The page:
The education should start immediately after setting the diagnose. In small children it is possible to exploit the world of fairy tales, to demonstrate vividly what meals are permitted and what meals are forbidden. A school child masters, usually with interest, how to test urine and comprehends that the content of sugar in blood can be decreased by insulin administration, that the amount of sugar in urine is reflecting the amount of sugar in blood and that it is necessary to modify the doses of insulin. From the age of 8 a pupil can apply injections by himself, from 12-13 he is able to master the instructions on modifying the insulin doses, everything in practical way (Dub, Brožek, 1983; Kopecký, 1986; Lebl, 1998; Hlavicová, 2002). A unique school of diabetology for children and adolescents are summer or winter recreationally educational dia-camps. There the children learn how to master diabetes in a serious and entertaining way, theoretically and practically. At the end of the stay everybody takes insulin shots by himself, they know how to answer correctly questions like: “How to recognise hypoglycaemia?”, “What must be done in the state of hypoglycaemia?”, “What is the glucagon?”. A proper dia-camp includes: earlymorning reveille, urine testing, insulin ordination, insulin shots before breakfast (and before supper), morning warming-up, competitive games, camp log and many other activities. Dr John, a Czech-American compatriot, was among the first in the world who gave rise (from his own means) to such a summer camp in the woods near Cleveland in 1930. In Europe the first summer camp for diabetic children was held in Czechoslovakia in 1930 (Škvor, 1995; Etzwiler, 1994). The number of diabetic children is growing and that is the reason why the authors of this paper, besides the investigation, designed a handbook for teachers of diabetic children that would help clear the facts connected with the illness. Similar handbook should be at hand in every school in every classroom so that the pupils could know how to help a diabetic school-mate or friend. Help in proper time and in a proper way can save a diabetic person his life when he falls in unconscious.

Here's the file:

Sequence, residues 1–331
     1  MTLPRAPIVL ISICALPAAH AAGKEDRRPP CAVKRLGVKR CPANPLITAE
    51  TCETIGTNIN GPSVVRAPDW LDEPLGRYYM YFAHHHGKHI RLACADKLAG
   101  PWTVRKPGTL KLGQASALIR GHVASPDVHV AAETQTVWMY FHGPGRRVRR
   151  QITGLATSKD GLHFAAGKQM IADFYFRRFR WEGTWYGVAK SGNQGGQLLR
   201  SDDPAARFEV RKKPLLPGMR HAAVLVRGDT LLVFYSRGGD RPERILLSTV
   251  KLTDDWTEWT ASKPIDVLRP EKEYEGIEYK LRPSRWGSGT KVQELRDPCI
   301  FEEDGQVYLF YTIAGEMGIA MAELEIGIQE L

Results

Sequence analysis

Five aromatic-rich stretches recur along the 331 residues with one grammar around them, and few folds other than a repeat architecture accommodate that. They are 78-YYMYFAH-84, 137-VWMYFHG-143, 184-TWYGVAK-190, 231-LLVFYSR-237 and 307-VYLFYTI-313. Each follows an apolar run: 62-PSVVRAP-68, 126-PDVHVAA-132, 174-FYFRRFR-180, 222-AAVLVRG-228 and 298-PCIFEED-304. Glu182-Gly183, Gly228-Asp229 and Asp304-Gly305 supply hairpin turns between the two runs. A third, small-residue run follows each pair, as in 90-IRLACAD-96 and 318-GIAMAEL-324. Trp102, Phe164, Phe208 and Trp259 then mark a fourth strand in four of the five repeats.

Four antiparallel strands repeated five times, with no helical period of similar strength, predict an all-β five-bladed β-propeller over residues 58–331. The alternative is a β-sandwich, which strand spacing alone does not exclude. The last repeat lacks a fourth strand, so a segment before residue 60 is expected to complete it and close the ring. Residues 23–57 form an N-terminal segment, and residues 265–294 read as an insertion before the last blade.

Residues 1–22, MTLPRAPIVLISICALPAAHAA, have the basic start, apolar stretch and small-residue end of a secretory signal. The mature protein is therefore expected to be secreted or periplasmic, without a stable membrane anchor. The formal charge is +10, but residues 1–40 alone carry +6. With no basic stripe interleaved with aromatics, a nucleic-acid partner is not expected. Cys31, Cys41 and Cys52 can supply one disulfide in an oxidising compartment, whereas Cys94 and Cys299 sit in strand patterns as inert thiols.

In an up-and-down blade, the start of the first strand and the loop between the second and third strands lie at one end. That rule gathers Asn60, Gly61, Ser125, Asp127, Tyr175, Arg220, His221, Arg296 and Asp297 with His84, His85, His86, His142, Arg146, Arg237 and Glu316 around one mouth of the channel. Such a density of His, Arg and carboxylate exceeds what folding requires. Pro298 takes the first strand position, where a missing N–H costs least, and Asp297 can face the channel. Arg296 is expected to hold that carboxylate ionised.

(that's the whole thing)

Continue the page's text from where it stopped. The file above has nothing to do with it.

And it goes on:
Conclusion A the framework of the study an anonymous questionnaire investigation was done on the sample of 109 pupils of 8th and 9th grades in 5 classes in 2 out-of-Brno basic schools. The questionnaire had 10 items and was directed at fundamental knowledge of diabetes of children and youth, on information sources and on the possibilities how to help a school-mate in need. The children get most information about diabetes from their parents (half of the sample) and from teachers (a third). Half of the children connect the juvenile type of diabetes with insulin shots, the correct answer was chosen by more boys (60 %) than girls (40 %) but the difference is not statistically significant. Three quarters of the questioned know what insulin is, a half know glucagon. 249

Approximately 16 % children know a peer with diabetes, only 17 % of the sample met any information material about diabetes, girls substantially more (p0.05). The most frequent source of information were magazines and leaflets, less frequent were books and Internet. As a warning should be considered the fact that three-quarters of children did not know by what symptoms hypoglycaemia can be manifested in a person. Among the correct answers The most frequent were black-out, sickness and weakness. One third of the girls were able to classify the hypoglycaemic symptoms, in boys only a fifth, the difference between the genders is at the edge of statistic significance of 5 %. Approximately 40 % of the questioned did not know how to behave in the case that their peer would be stricken by heavy hypoglycaemia. Those who reacted somehow, would most often call a physician (30 %) or another person (10 %), or would hand the patient sugar or something sweet (20 %). There were no significant differences between the genders. As much as 60 % of the sample wanted to get more detailed information on diabetes, substantially more girls (76 %) than boys (43 %), p0.001).